[This piece is co-authored by Jubi Taneja, Zhengyang Liu, and John Regehr; it’s a summary of some of the findings from a paper that we just recently completed the camera ready copy for, that is going to be published at CGO (Code Generation and Optimization) 2020.]

**Update from Jan 12 2020:** Looks like there’s a patch in the works fixing some imprecisions we found!

Optimizing compilers use dataflow analyses to compute properties that are true in every execution of the program being compiled. For example, if an array access is provably in-bounds in every execution, the bounds check can be elided. A dataflow analysis should be:

**Sound**: It must never erroneously claim that a property holds. Unsound dataflow analyses typically lead to miscompilations, for example by helping eliminate a bounds check that could fail.**Precise**: When the property holds, the dataflow analysis should be able to see this. The halting problem tells us that this is not always possible, but we’d like the analysis to mostly work pretty well in practice.**Fast**: We don’t want dataflow analysis to slow down the overall compilation very much.

Meeting these constraints isn’t easy, and moreover compiler developers generally attempt to do this in a seat-of-the-pants fashion, without any kind of help from formal-methods-based tools. Our paper is based on the premise that formal methods can help! Using an SMT solver, we can create dataflow analyses that are sound and maximally precise: they never erroneously claim that the property holds and they always conclude that the desired property holds when this can be done at all by the analysis in question. (But keep in mind these claims require an ideal SMT solver: solver bugs and solver timeouts respectively defeat them.)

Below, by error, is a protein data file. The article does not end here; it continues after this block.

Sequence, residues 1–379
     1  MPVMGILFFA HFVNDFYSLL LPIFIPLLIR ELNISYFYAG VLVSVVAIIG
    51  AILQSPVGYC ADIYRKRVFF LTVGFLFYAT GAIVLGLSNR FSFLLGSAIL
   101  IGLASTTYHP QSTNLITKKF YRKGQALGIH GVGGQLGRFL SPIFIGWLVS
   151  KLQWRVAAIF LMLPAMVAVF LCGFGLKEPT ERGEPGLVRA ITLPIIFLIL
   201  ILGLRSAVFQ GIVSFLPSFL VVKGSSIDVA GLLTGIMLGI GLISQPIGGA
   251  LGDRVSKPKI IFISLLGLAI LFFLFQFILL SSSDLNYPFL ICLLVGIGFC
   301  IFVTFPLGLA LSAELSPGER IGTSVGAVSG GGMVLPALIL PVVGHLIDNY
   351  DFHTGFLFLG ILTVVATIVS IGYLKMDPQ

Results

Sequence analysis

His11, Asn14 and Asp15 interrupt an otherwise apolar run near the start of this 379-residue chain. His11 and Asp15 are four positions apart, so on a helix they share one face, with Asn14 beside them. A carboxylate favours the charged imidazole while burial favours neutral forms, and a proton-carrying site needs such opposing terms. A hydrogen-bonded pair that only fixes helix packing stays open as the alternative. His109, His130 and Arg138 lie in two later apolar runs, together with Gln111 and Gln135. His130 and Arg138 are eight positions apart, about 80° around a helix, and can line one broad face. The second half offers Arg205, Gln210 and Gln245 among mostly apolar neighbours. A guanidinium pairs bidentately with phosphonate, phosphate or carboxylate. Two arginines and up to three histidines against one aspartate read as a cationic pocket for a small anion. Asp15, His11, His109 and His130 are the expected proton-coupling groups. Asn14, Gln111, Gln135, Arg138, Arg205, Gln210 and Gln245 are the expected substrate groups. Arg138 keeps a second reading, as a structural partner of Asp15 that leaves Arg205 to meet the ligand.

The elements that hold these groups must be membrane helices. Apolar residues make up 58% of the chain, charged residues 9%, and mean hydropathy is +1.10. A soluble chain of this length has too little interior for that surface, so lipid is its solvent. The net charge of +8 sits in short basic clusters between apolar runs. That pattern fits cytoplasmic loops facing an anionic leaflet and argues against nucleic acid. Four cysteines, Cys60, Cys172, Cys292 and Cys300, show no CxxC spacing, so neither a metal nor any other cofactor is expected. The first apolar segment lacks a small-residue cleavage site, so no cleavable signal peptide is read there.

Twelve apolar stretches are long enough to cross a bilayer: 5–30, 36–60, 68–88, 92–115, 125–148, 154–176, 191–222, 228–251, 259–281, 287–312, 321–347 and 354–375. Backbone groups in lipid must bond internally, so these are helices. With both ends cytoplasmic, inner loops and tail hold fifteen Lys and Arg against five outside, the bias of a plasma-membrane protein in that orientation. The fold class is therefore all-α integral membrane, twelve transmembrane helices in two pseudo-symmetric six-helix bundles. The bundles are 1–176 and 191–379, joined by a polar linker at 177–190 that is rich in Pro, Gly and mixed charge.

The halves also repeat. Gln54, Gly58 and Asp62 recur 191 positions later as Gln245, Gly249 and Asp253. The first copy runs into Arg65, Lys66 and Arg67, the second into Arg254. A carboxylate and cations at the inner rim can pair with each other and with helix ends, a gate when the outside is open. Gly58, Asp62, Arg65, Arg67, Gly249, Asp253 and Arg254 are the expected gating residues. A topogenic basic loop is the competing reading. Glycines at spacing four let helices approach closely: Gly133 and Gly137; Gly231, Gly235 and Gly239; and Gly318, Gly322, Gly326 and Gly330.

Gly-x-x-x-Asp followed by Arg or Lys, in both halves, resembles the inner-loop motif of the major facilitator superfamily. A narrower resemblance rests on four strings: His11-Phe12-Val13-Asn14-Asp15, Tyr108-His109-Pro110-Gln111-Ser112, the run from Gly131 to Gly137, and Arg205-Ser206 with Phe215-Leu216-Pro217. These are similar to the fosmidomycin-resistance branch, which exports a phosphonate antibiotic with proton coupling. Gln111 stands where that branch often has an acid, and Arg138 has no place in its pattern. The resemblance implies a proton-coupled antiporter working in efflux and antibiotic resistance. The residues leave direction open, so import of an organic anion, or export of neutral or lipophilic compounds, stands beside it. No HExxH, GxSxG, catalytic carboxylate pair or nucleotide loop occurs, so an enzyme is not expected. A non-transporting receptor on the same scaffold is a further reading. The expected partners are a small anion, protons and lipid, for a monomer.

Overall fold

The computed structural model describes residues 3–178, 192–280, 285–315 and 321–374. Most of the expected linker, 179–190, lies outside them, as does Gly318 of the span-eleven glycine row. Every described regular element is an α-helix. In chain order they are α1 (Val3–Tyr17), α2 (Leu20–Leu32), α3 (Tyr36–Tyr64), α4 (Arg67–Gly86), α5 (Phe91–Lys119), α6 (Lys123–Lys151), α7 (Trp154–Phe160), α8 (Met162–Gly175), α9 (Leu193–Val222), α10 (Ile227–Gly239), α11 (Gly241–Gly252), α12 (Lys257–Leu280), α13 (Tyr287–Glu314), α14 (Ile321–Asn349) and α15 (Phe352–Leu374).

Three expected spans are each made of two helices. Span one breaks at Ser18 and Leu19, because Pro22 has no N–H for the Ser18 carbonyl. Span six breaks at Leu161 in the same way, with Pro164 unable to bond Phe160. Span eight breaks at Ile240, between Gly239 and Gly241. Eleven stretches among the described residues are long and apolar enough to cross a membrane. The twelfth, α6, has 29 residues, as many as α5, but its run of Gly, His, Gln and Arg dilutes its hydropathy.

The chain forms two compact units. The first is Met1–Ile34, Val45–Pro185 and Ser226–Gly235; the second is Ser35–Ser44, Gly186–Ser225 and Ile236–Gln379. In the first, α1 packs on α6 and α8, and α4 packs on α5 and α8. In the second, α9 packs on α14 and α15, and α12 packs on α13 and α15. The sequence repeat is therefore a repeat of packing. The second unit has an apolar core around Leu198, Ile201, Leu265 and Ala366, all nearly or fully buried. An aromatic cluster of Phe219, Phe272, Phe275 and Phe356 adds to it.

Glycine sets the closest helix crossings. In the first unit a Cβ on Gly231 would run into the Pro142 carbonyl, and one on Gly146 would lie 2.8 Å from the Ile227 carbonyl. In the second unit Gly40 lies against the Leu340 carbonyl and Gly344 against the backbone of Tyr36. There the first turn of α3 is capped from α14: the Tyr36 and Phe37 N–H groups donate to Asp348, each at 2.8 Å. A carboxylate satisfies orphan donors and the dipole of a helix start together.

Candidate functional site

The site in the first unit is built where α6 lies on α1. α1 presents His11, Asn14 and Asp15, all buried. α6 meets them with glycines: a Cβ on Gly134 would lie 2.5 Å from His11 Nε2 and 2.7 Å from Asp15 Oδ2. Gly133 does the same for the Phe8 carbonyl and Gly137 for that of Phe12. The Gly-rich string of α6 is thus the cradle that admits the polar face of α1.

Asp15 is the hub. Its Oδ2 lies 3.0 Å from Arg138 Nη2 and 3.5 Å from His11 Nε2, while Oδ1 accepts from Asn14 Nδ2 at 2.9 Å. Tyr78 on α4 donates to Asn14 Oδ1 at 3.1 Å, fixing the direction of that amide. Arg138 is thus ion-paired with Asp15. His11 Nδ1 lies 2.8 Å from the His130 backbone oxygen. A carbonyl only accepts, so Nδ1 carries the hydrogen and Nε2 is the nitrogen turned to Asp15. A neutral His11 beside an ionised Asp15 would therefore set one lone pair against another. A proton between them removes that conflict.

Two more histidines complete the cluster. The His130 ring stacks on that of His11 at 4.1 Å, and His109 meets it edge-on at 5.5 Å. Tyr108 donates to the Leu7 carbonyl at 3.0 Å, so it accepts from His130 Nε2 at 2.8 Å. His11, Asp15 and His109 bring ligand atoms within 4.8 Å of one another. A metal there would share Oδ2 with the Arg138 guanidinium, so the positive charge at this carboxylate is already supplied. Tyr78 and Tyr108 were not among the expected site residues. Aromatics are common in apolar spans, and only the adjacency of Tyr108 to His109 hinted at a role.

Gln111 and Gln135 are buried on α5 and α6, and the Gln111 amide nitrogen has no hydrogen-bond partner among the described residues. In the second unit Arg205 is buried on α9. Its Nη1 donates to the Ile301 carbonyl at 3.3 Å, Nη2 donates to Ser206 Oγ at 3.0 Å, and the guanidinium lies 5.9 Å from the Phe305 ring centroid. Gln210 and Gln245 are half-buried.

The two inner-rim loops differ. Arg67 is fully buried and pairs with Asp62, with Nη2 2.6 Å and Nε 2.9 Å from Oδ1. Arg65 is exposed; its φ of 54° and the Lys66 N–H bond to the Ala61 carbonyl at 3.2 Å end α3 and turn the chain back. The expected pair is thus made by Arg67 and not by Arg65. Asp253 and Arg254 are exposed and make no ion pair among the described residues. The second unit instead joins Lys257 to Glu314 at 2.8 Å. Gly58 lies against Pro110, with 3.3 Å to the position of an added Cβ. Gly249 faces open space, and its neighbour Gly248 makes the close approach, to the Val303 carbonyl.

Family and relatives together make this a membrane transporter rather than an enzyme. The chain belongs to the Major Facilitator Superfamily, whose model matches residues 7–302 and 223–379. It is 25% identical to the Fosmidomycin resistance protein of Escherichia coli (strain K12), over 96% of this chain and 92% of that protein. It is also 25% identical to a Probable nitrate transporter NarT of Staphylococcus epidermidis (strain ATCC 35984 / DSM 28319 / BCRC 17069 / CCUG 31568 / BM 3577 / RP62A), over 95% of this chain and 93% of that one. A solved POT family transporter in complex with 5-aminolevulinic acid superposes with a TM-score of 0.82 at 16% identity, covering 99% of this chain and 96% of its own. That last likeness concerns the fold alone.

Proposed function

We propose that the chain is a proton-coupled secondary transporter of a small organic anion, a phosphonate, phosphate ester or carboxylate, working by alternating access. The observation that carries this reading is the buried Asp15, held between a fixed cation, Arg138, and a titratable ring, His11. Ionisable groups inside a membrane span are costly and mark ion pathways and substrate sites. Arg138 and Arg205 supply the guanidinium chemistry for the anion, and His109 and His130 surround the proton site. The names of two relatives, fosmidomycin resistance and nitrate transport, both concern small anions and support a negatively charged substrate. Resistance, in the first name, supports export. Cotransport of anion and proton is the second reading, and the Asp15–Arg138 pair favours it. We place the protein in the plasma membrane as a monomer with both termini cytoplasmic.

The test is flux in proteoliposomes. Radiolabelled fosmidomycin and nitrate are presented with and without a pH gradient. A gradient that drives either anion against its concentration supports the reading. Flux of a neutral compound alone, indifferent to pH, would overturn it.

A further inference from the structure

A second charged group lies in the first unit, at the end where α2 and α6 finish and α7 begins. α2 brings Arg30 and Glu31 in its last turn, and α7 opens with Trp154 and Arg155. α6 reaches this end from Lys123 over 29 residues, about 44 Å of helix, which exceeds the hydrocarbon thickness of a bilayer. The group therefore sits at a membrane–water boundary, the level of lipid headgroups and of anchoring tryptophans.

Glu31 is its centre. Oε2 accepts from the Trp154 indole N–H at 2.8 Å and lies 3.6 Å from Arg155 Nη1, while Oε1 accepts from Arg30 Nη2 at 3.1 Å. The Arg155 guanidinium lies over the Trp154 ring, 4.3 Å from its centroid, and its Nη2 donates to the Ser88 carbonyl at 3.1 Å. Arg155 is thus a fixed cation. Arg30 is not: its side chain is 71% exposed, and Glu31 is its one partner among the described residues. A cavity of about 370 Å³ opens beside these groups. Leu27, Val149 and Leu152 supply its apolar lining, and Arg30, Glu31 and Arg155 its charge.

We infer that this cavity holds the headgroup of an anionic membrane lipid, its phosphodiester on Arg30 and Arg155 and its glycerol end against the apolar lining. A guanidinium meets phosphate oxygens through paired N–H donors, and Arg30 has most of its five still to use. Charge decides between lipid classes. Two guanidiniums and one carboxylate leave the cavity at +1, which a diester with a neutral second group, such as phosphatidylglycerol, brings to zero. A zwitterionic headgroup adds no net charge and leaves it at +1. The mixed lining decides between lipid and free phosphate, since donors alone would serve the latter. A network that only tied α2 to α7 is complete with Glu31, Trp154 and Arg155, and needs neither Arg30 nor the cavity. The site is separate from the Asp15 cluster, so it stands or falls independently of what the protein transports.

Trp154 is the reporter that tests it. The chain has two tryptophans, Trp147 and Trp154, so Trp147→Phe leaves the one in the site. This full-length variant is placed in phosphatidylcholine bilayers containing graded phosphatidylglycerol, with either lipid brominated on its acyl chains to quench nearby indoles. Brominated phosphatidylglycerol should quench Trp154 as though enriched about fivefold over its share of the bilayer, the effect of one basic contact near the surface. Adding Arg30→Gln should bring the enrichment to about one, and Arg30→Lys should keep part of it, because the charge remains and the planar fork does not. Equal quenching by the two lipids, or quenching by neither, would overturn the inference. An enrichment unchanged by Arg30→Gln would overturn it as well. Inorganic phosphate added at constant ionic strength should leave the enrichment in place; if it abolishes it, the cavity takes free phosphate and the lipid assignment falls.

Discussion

Our work is only about soundness and precision: it does not help make dataflow analyses faster. Moreover, since it involves lots of solver calls, it is slow: we can use it offline to find places where the compiler might want to be improved, but it is not possible to just drop it into the compiler as a replacement for existing dataflow analyses. (We do have some preliminary work on synthesizing dataflow implementations, and will write about that some other time.)

The first dataflow analysis we’ll look at is one of LLVM’s workhorses: known bits. This analysis tries to prove that individual bits of SSA values are either 0 or 1 in all executions. Many cases handled by this analysis are easy to understand. For example, a value that has been zero-extended obviously contains zeroes in its high-order bits. Similarly, a value that has been orred with a bitmask will have some ones in it. Other cases are harder. As an exercise, you might try to work out the known bits in the result of a subtraction or a signed division.

Known bits has a variety of customers in LLVM middle-ends and backends. For example, the “simplify CFG” pass computes the known bits in the argument to a switch instruction in order to optimize away dead switch cases; a switch case is provably dead if at least one bit of its value conflicts with a known bit in the value being switched on.

Ok, it’s time for an example. Consider this LLVM IR which shifts the value four to the right by the number of bit positions specified in its argument value:

define i32 @foo(i32) { %a = lshr i32 4, %0 ret i32 %a }

As of January 2020, LLVM doesn’t return any known bits for %a. If you would like to see this for yourself, first build a fresh LLVM and then second build this out-of-tree pass which calls LLVM’s dataflow analysis and pretty-prints its results. Run it like so: